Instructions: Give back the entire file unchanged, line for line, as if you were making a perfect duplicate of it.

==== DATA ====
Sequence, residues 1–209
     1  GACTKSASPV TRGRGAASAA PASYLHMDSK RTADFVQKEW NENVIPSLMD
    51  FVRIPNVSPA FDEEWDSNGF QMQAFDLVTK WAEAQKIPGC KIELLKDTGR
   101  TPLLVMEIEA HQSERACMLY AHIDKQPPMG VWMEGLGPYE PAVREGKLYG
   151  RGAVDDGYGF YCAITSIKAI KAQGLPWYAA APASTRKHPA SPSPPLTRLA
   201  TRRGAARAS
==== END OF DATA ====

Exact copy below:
Sequence, residues 1–209
     1  GACTKSASPV TRGRGAASAA PASYLHMDSK RTADFVQKEW NENVIPSLMD
    51  FVRIPNVSPA FDEEWDSNGF QMQAFDLVTK WAEAQKIPGC KIELLKDTGR
   101  TPLLVMEIEA HQSERACMLY AHIDKQPPMG VWMEGLGPYE PAVREGKLYG
   151  RGAVDDGYGF YCAITSIKAI KAQGLPWYAA APASTRKHPA SPSPPLTRLA
   201  TRRGAARAS